Wastewater management is a major problem in rapidly developing nature tourism communities along tropical coasts. A new project aims to develop sustainable solutions.
07/31/2019 · Umweltwissenschaften · Leibniz-Zentrum für Marine Tropenforschung GmbH · News · Projekte
BMBF funds social-ecological research and a new working group at the Leibniz Centre for Tropical Marine Research (ZMT) in cooperation with the Social Sciences department of the University of Bremen with almost two million euros.
Imagine yourself walking along a beach, sand beneath your toes, enjoying the fresh tang of the sea. Whether or not you are aware, you are engaging in nature-based tourism. Whether you are enjoying nature on your holidays by hiking, by canoe or bicycle, diving or climbing, you are participating in nature-based tourism – which the World Tourism Organization of the United Nations (UNWTO) estimates is growing at an annual rate of 20%, about six times the industry-wide growth rate. A healthy habitat is a prerequisite for this fast-growing tourism segment. Despite being oriented towards nature, nature-based tourism also creates potential problems to the environment as it grows.
For example, wastewater management is a major problem in rapidly developing nature tourism communities along tropical coasts. The discharge of inadequately treated wastewater from tourist facilities frequently reaches the sea and affects marine ecosystems, human health, and the local tourism industry. Tourism communities see themselves confronted with substantial problems in relation to wastewater. They need to act. But what should they do and what are the best ways of finding out what to do? Those questions are in the heart of the five-year research project “Transdisciplinary Science for Sustainable Tourism” (TransTourisms), which is funded by the German Federal Ministry for Education and Research (BMBF).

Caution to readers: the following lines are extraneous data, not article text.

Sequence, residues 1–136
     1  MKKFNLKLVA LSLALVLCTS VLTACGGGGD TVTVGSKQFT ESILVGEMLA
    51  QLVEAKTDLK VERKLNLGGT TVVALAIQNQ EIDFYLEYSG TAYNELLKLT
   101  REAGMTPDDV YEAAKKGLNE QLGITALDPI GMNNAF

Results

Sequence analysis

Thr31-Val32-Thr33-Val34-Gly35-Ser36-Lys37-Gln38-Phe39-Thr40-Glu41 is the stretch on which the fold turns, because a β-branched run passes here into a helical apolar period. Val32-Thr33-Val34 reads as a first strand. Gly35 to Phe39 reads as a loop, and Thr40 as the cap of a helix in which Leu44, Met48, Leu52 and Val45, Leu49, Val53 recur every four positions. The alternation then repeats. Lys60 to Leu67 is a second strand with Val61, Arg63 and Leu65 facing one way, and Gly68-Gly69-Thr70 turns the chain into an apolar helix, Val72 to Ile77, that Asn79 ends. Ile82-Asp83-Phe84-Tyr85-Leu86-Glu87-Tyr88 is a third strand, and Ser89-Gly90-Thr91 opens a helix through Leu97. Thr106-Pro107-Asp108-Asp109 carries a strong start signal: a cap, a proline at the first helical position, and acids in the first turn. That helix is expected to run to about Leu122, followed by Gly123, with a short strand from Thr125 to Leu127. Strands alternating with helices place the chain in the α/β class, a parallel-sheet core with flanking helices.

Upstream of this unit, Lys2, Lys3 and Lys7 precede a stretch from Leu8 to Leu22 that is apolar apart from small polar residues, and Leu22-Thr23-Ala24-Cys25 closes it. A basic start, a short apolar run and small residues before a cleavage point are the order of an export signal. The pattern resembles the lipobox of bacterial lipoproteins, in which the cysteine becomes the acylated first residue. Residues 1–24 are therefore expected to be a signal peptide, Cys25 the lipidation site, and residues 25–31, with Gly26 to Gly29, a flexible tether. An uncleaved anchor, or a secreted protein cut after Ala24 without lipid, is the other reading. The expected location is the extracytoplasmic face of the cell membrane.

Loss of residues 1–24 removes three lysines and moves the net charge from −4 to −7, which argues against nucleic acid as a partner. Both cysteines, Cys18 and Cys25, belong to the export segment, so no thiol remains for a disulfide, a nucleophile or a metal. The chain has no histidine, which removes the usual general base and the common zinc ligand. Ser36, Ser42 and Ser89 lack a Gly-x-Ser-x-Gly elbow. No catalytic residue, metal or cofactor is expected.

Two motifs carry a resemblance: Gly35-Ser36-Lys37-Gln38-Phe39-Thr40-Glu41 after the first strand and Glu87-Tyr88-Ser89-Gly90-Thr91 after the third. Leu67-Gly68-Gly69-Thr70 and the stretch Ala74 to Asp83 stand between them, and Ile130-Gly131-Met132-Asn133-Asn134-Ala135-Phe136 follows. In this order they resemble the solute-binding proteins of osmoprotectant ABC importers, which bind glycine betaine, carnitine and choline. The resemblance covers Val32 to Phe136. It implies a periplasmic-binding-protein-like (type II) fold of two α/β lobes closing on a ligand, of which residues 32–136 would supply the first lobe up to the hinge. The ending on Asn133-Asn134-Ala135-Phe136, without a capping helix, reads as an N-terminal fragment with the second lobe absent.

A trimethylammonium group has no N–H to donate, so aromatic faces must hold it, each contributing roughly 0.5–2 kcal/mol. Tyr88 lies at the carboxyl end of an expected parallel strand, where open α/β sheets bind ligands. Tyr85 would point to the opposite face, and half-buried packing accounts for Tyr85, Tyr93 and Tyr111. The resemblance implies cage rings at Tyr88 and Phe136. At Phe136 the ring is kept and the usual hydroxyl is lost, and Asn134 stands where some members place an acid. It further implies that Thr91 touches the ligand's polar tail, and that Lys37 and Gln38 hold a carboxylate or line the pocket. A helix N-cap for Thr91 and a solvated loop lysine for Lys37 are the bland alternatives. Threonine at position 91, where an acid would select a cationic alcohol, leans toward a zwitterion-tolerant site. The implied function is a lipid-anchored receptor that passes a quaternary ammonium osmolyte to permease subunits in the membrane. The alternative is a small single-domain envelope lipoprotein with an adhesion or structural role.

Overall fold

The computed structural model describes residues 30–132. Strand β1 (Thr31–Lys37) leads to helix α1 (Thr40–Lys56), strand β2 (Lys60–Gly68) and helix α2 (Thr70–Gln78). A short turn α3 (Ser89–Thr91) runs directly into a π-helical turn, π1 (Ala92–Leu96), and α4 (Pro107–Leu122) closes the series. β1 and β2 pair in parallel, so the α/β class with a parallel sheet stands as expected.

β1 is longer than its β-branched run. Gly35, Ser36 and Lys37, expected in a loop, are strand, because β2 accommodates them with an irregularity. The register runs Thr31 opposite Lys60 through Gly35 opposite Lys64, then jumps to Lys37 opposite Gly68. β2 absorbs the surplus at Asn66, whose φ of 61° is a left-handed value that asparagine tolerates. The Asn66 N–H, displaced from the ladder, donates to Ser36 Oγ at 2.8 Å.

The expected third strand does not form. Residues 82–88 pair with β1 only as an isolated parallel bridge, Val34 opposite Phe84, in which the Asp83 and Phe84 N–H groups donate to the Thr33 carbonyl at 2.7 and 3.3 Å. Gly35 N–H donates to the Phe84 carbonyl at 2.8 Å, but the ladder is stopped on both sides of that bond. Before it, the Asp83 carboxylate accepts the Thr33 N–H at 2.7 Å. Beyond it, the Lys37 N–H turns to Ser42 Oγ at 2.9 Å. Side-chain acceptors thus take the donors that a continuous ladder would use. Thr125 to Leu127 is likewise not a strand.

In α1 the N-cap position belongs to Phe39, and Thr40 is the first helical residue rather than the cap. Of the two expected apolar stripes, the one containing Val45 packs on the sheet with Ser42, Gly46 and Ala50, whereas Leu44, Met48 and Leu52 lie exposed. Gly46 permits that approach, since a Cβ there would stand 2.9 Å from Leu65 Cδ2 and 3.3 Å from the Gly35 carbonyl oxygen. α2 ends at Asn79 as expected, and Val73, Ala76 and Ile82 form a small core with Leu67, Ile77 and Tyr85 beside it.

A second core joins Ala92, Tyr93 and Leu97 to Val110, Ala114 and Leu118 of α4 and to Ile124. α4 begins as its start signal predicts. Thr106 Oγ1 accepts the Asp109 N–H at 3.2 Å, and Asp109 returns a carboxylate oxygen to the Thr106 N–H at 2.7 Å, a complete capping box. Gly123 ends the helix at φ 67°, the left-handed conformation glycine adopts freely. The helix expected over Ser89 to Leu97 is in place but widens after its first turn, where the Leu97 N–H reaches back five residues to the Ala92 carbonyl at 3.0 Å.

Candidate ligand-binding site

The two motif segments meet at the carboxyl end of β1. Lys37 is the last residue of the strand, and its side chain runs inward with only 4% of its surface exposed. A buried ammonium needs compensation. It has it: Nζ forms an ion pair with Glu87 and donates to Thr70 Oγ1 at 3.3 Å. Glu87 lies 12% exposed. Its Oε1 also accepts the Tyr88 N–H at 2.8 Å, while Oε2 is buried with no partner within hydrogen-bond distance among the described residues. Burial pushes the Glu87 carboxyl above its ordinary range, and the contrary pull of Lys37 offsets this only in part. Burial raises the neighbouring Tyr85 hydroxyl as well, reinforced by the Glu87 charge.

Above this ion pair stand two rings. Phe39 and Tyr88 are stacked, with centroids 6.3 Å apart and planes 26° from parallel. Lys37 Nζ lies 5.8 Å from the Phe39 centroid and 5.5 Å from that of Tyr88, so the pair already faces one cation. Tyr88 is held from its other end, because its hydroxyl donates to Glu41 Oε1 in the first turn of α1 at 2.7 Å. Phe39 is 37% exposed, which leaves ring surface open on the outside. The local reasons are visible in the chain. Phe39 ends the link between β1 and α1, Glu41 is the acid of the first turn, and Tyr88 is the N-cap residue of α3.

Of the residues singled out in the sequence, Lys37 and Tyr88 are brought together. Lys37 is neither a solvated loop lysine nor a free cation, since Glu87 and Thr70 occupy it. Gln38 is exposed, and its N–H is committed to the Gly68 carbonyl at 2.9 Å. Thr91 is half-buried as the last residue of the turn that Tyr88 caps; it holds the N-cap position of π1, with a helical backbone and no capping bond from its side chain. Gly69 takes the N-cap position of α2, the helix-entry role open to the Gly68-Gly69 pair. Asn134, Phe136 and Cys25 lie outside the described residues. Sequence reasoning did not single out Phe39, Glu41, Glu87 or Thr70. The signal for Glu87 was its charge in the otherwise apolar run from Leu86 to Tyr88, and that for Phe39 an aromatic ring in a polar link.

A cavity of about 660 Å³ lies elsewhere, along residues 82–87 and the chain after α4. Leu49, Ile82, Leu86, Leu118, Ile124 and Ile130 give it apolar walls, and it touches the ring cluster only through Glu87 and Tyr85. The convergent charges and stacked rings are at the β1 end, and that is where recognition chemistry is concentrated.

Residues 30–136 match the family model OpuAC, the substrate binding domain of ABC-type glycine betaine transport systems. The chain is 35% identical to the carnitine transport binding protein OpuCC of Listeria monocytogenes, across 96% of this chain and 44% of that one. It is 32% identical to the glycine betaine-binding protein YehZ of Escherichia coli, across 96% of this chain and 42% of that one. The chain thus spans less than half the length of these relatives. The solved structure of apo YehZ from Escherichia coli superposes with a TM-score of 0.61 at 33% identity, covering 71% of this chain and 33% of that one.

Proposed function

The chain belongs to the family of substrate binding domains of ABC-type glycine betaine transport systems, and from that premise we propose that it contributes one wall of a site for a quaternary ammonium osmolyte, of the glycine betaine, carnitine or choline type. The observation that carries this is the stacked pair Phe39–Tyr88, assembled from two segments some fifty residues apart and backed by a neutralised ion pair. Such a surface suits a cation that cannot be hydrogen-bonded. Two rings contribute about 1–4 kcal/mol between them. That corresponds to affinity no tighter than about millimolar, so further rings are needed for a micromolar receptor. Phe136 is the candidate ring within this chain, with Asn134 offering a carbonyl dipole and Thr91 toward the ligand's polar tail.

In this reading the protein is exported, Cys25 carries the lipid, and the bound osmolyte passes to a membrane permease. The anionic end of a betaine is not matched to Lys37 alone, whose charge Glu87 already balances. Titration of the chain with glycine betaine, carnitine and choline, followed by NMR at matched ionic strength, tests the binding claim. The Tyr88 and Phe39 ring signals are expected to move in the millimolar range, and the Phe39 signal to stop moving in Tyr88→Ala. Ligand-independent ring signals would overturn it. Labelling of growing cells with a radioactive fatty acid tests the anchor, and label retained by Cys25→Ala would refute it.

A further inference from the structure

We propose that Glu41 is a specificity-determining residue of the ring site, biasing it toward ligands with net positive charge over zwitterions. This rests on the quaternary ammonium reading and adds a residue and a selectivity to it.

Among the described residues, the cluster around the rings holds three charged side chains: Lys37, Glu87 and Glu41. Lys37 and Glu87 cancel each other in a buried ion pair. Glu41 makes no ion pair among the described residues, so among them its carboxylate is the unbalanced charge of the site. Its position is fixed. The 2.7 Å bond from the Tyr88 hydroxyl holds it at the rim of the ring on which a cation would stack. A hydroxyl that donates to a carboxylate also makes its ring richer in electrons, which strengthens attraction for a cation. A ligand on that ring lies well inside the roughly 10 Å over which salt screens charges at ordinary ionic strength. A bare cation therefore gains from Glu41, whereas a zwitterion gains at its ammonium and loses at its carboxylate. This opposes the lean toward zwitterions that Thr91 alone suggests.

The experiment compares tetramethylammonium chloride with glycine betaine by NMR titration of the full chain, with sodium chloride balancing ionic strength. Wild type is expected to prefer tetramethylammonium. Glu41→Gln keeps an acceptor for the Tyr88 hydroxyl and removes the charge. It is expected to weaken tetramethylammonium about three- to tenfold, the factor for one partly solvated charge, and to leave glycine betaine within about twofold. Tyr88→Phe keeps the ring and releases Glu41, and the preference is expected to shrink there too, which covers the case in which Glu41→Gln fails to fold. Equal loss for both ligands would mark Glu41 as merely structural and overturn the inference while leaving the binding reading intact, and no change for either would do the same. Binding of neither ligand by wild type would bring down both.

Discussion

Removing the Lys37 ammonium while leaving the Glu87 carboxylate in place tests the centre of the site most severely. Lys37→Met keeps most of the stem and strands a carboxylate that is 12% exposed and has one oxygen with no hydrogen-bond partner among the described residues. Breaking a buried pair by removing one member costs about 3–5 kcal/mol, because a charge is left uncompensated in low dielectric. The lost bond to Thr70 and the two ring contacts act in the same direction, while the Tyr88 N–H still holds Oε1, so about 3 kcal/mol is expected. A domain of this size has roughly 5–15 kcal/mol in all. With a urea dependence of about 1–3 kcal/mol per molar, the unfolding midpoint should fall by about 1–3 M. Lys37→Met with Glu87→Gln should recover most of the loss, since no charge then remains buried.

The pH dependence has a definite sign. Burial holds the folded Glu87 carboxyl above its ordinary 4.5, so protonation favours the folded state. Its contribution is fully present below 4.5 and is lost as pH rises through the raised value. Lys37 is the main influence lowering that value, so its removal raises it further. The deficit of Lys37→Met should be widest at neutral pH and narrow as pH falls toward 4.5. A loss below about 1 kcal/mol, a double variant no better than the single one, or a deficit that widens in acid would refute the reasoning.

Dr. Marie Fujitani, a social scientist at the Leibniz Centre for Tropical Marine Research (ZMT) and the University of Bremen, wants to support and exchange knowledge with tourism communities in Tanzania, Indonesia and Costa Rica to improve their decentralised wastewater management. In close exchange with different interest groups of coastal tourism communities such as owners of hotels, restaurants or shops, tour operators, policy makers and environmental organisations, as well as tourists themselves, she uses deliberative and participative methods to support decision-making in order to gain a holistic picture of the tourism-related wastewater load and impacts and to develop solutions for wastewater management.
“The project is comprised of sub-studies that integrate natural and social sciences to help to identify the link between tourism, ecosystem health, ecosystem services and human well-being,” explains Fujitani. “The process of participatory decision-making, indicator identification, and knowledge generation will take into account not only different marine ecosystems, but also different priorities of community members and tourists. “
The research project has a transdisciplinary core. Developing the research questions will involve various stakeholders from science and society in ZMT's tropical partner countries right from the start. Marie Fujitani will now set up a new junior research group at the Leibniz Centre for Tropical Marine Research (ZMT). Three doctoral students and one postdoc will support her in her work, as will researchers from various natural science working groups at ZMT.
“Our research group ‘Deliberation, Valuation and Sustainability’ investigates decision-support-processes for the management of shared natural resources, with a focus on making nature tourism more sustainable,” says Fujitani. “We study how impacts of deliberation and participation, influences of selected indicators and information sources, and different notions of environmental value can guide our decisions towards socially, ecologically, and economically sustainable paths.”